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169140main_piaa09178-330.jpgIt is easy in astronomy to lump different objects into specific groups. At the top-most level, there are stars, galaxies, planetary systems (including asteroids and comets), and dust-bunnies interstellar and intergalactic media (clouds and nebula). Looking a bit deeper, each of these categories can be nit-picked apart into more sub-categories. For instance, stars can be divided up by energy generation mechanism, or mass, or both. But, astronomy isn’t just the study of a bunch of discrete objects that can be junked into boxes any more than plant science is the study of how a bunch of leaves that can be classified by structure. Both sciences must consider the ecology around discrete objects. Trees grow in forests in symbiosis with other plants and animals, and are both harmed and helped through these synergistic relationships. Stars too exist in rich environments, and when we study stars and their evolution we are also studying the evolution of their planetary systems and of the galaxy they live within. Until recently, it was easy to see the average star as an isolated object on a solitary journey from molecular cloud to planetary nebulae – we simply weren’t able to see anything other than the star and what isn’t seen is easily ignored. Today, however, that is all changing.

As we peer at stars in more wavelengths and in greater detail, we are beginning to find evidence of planetary systems around more and more objects.* As we witness this co-formation of stars and planets it is becoming impossible to stick stars in discrete boxes – Stars and planetary systems must be studied as a whole. This was brought home to me by a newly released Spitzer Space Telescope image of Helix nebula (above right, credit:NASA/JPL-Caltech/K. Su (Univ. of Ariz.)). This favorite object of amateur astronomers appears as a faint swirl of light through the eyepiece of a backyard telescope in a dark location. With Spitzer, it is resolved into concentric rings marking the location of a dead star. Around that dead star are the remnants of a cometary cloud.

At some point in the not too cosmologically distant past, a star not to different from our own Sun shut off. For billions of years, that star had first burned hydrogen to helium, and then helium into carbon. As it reached the end of its life, its atmosphere began to drift away and its light appeared to vary, until one day, the burning stopped. The helium fuel ran out, and with it the stars ability to keep burning ran out. What was left of the star’s outer atmosphere drifted away, and a carbon core was left behind. Today we see that carbon core as a white dwarf and that lost atmosphere the Helix planetary nebula. In this text book description of stellar evolution, however, we don’t see any discussion of what happened to any planetary objects that might have orbited the star.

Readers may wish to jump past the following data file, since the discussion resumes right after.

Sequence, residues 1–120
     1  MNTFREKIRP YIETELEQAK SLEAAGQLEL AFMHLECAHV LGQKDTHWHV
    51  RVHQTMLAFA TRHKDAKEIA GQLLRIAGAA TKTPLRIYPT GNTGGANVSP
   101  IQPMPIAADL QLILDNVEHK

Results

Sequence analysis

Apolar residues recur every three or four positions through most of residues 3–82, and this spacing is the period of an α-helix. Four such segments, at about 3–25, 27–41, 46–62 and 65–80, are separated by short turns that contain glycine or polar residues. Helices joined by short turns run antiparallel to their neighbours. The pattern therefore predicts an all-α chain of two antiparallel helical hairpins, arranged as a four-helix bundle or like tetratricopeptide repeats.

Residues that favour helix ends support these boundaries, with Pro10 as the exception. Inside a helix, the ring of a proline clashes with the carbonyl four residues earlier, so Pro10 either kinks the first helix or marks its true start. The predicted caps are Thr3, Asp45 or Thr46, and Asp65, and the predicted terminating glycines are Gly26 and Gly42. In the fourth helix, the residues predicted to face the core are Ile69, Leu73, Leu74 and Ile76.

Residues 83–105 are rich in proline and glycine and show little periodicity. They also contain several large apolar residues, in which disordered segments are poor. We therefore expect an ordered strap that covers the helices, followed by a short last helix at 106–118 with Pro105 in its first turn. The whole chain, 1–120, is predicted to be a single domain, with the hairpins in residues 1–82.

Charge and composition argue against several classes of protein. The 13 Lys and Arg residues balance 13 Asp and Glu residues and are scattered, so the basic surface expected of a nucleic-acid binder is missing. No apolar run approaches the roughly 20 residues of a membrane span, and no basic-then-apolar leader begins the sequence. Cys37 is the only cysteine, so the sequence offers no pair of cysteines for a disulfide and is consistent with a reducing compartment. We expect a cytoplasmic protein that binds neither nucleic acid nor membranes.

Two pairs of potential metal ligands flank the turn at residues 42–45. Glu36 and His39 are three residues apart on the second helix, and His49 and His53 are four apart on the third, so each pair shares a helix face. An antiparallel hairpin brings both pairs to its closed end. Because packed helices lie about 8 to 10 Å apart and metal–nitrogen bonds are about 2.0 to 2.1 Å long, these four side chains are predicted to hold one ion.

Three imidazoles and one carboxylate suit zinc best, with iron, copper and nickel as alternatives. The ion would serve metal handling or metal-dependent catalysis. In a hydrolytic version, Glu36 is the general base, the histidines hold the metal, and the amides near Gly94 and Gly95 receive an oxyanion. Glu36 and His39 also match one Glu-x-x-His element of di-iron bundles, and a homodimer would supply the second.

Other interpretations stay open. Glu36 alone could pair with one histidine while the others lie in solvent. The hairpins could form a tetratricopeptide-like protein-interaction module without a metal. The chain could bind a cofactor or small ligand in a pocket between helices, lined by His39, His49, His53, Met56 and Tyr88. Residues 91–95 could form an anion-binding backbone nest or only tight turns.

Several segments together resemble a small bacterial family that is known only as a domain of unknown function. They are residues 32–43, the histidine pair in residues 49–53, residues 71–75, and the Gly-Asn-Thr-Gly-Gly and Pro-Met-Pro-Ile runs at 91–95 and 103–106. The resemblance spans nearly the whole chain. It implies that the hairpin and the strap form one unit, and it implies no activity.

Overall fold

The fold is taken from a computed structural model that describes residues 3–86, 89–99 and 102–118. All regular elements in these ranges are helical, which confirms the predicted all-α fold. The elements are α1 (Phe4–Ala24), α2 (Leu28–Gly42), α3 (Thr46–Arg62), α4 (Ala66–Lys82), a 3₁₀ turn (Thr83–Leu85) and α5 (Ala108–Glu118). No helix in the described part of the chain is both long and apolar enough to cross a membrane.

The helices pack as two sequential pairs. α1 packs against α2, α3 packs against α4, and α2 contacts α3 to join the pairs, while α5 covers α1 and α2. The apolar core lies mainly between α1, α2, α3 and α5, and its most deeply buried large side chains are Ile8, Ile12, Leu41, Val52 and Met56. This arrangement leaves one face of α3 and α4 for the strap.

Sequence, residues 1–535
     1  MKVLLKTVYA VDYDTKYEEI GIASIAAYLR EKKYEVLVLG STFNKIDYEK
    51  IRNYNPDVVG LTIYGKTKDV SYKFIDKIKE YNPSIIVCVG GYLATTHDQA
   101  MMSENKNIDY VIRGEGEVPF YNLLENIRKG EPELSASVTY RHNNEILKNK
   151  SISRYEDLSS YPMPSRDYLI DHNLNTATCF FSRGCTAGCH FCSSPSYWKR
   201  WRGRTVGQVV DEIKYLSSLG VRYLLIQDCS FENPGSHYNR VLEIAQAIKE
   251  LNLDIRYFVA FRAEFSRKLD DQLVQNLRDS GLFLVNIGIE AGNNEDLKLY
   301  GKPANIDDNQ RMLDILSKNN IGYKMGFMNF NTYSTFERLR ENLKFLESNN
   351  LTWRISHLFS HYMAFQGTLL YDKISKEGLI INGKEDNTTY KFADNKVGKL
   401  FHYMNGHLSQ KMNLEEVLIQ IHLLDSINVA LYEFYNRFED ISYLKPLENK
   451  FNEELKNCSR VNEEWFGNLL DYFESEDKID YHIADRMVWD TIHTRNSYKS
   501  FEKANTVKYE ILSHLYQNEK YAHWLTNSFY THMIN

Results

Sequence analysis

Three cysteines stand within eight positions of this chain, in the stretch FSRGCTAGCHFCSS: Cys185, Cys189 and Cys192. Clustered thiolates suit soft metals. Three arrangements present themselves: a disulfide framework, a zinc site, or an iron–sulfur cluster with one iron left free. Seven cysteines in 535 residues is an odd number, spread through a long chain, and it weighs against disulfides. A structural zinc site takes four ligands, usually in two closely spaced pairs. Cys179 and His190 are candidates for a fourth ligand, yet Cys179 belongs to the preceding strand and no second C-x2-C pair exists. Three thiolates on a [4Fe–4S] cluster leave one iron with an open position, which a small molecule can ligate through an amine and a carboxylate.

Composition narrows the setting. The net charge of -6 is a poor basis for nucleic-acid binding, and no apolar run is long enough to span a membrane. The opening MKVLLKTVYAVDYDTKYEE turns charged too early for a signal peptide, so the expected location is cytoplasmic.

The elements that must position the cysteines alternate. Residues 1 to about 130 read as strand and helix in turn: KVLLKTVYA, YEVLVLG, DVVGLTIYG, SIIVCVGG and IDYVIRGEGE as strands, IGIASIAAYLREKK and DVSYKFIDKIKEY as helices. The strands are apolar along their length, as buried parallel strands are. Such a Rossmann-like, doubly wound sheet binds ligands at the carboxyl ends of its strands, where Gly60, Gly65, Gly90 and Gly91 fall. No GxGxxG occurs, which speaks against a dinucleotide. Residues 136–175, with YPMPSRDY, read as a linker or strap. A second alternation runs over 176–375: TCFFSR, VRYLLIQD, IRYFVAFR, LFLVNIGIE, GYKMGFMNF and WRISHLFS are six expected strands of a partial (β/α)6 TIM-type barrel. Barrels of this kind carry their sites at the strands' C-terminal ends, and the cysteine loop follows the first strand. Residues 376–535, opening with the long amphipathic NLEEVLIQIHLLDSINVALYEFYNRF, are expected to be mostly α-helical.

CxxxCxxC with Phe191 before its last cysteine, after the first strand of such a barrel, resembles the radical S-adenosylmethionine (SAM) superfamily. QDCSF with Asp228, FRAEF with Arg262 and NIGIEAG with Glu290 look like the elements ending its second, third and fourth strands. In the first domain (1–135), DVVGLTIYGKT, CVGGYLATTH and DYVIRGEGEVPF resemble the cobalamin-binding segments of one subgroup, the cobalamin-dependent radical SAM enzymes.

In the Spitzer image we see a diffuse glow (appearing red in the above image) that comes from a dust disk extending from 35 AU to 150 AU from the central white dwarf. In our own solar system, this would place the inner edge of the disk slightly beyond Neptune and the outer edge well within the 526 AU orbit of the trans-Neptunian object Sedna. In our own solar system, the Kuiper Belt and a disk of scattered icy objects can be found in the same region we now observe a disk within the Helix nebula.

In a paper on this system, Dr. Kate Su (University of Arizona) and her team reason that the disk is generated by the collisions of comets. When the star that became the Helix nebula was young and stable it was surrounded by comets that were in stable orbits (and there could have been planets too – we just don’t have any evidence to say yes or no). When the star died, the comets’ orbits were disrupted, and now they are colliding in much the same way that comets (and everything else) in a still forming system collide. In a new born system, collisions between small objects can build big objects, and in the dieing system, collisions between big objects destroy big objects. From dust to dust.

This isn’t the first time a cometary disk has been found around a white dwarf. Last year a much smaller disk was found around G29-38. What makes this discovery so powerful is it is an object that is familiar, and that I can go outside and point to. I can say to my students – See that object? It used to be just like the Sun. It was surrounded by objects similar to things we have in our own solar system. We are watching it die. In 10,000 years that nebula will have drifted away. The comets are going to continue to destroy each other for a while, and the white dwarf in the center is going to slowly cool off and fade away for millions of years. Eventually, when man’s distant prodgeny look at that place in the sky it will be dark. And someday, when some entity looks at our solar system, it too will be dark. Everything is transitory, and when we look at the Helix, we see our future.

*Specifically, the Spitzer Space Telescope has allowed scientists to find asteroids belts around numerous nearby stars, to identify mega-planet forming disks around hypergiant stars, and finally start to directly measure such fundamental qualities as the day and night time temperatures on Jupiter-like planets circling sun-like stars.